FedEx Corp. has coined many slogans in its 50-plus years of business. But the most enduring, and perhaps most meaningful, is what is known as the Purple Promise.
Believed to have been created by Frederick W. Smith, FedEx’s founder, it is only seven words: “I will make every FedEx experience outstanding.” It is more than just a slogan. It is a beacon that has guided employees and management as they built a remarkable enterprise through service quality, dedication and commitment. It also defined the familylike culture that has existed for decades and that has made the company an exemplary place to work.
The slogan, and the meaning behind it, was brought to life by Hollywood in the 2000 film “Cast Away.” Chuck Noland, the character played by Tom Hanks, was a company “troubleshooter” who always went the extra mile to get the job done. Noland was marooned on a deserted South Pacific island following the crash of a FedEx freighter. After his rescue, he returned to Memphis, Tennessee, FedEx’s (NYSE: FDX) headquarters, to rejoin what Smith called “the FedEx family.”
That deep bond, however, has now been shaken to the core. The largest one-time layoff in the company’s history, an expected 12,000 at least for now, has left affected employees, as well as those still there, stunned and confused. FedEx had not experienced any mass layoffs until the 2008 financial crisis, according to a person familiar with the company’s history. Those cuts pale in comparison to what has gone on since June and continued through last week with the layoffs of at least 10% of officers and directors worldwide.
FedEx employs between 500,000 and 550,000 people across the globe. Though 12,000 is a fraction of the total workforce, for a company with the reputation of FedEx it is an emotional blow for all concerned.
The cuts, which were announced last Wednesday, came without warning, were seemingly at random and were not based on performance, according to people interviewed for this story. No explanations were given, and employees as of this past weekend remained in the dark about the status of projects they had been working on, the people said. The prevailing mood among those laid off and those who were not was a “state of shock,” said one.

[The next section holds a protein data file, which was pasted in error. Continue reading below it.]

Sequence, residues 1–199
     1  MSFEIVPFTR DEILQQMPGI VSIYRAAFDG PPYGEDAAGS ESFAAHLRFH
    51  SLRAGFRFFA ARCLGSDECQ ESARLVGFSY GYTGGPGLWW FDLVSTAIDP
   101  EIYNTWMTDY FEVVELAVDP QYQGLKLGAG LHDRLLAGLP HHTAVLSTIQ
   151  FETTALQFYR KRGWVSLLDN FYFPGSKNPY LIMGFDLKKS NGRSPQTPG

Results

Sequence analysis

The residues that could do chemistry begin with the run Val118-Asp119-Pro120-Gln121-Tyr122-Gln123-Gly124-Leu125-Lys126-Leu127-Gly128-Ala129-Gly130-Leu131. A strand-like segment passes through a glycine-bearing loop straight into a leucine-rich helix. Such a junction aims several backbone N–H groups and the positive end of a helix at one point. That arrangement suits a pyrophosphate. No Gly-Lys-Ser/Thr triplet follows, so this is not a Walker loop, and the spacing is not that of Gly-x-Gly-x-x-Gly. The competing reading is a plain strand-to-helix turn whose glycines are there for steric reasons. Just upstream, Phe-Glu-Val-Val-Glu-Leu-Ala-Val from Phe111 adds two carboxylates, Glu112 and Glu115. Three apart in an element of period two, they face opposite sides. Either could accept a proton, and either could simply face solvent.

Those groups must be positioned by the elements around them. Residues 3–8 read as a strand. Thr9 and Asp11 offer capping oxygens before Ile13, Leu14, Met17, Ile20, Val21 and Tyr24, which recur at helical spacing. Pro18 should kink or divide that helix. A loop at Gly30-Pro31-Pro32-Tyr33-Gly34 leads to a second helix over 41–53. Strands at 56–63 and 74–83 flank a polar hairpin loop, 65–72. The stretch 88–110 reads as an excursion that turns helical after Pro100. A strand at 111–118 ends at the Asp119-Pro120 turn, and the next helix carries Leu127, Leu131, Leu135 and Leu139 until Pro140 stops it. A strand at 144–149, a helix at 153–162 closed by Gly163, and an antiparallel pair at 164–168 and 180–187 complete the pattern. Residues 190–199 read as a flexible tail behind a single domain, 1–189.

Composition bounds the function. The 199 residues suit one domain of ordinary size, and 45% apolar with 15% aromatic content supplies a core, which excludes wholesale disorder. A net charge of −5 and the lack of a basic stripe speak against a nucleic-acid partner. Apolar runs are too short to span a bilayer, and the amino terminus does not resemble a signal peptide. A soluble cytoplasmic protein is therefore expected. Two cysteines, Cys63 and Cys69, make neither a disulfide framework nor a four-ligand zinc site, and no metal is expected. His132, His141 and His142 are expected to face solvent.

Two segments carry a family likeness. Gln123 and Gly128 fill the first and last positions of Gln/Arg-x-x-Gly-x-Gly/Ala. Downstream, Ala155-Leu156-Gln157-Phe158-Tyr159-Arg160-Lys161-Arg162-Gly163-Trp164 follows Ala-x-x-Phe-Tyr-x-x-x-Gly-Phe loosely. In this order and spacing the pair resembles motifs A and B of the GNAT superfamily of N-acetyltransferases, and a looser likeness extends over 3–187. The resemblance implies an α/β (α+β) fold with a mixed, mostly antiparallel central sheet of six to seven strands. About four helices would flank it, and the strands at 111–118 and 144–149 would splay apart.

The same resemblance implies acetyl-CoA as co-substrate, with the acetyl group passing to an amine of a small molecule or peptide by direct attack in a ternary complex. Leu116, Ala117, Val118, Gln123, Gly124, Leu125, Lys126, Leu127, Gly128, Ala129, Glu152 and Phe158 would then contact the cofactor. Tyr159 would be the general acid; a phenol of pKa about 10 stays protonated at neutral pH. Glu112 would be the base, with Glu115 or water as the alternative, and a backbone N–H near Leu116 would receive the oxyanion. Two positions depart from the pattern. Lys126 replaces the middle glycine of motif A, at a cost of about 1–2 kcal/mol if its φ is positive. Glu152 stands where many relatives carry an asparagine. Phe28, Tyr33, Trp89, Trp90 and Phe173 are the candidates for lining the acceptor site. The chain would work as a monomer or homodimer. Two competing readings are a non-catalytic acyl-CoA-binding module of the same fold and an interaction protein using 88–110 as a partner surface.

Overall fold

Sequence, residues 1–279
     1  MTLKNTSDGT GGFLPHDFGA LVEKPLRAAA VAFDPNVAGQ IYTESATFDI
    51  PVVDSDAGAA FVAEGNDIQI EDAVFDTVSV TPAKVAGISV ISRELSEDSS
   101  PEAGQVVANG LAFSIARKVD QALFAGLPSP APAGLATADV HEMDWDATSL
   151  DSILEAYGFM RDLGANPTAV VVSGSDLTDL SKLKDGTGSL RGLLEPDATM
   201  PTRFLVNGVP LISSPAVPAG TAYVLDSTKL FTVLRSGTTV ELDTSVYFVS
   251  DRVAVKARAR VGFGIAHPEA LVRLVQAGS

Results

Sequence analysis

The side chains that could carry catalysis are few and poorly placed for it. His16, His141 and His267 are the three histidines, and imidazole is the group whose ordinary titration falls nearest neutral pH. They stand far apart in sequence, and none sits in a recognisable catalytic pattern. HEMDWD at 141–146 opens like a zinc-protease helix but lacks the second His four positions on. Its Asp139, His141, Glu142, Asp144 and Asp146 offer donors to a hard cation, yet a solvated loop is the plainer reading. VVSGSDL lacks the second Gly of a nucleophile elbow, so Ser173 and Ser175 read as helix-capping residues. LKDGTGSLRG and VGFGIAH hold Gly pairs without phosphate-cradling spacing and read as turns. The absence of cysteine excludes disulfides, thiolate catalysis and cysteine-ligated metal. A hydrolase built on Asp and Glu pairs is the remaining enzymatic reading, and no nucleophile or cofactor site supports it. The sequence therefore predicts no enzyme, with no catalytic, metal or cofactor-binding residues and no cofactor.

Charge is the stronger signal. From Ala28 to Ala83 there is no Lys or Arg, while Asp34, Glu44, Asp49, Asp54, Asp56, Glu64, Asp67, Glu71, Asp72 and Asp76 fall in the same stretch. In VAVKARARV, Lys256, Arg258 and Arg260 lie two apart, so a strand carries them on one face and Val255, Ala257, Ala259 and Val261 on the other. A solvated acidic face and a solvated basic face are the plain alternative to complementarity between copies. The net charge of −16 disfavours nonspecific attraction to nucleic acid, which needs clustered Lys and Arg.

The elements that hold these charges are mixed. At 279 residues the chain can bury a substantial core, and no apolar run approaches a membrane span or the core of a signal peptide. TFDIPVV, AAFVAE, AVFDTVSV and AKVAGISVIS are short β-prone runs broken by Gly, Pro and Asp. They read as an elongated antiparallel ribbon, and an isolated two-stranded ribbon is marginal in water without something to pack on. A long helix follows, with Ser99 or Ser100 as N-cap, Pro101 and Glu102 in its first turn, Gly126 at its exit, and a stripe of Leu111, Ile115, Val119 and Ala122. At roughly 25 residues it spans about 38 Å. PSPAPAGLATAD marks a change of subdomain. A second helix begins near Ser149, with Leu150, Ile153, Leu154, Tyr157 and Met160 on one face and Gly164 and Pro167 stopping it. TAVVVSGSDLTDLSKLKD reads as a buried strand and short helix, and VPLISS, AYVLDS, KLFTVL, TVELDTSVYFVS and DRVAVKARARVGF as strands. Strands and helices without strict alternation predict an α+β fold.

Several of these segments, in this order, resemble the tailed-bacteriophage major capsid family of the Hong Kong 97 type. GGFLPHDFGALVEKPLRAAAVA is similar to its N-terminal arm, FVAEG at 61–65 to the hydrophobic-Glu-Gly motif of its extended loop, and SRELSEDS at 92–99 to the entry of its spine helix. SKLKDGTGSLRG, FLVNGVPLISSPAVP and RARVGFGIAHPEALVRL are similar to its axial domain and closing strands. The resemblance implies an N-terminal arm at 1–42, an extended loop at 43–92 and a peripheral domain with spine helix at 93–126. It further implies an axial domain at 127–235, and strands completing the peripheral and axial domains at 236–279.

No division was spared — not even FedEx Freight, the company’s less-than-truckload unit, which has been the parent’s best-performing unit over the past couple of years.
In a separate move, FedEx Freight on Friday announced a second round of temporary driver furloughs to offset the decline in industrial activity that is at the heart of an LTL carrier’s business. According to a person familiar with the matter, there are only so many rounds of furloughs that the unit can implement before it must begin laying off drivers, unless business picks up. That may not happen until the second half of 2023.
Bad news was good news
Those who know FedEx, but who are not inside it, applauded the mass layoff announcement. It was a long time in coming, they said. The company has a bloated hierarchy and has spent too much time chasing revenue and not enough time, like rival UPS Inc. (NYSE: UPS), focusing on cost, they argued. UPS CEO Carol B. Tomé began cost reductions almost from the day she stepped into the job in June 2020. FedEx, meanwhile, fell behind the curve in the hope that adding revenue would offset its lack of organizational efficiency, they contended.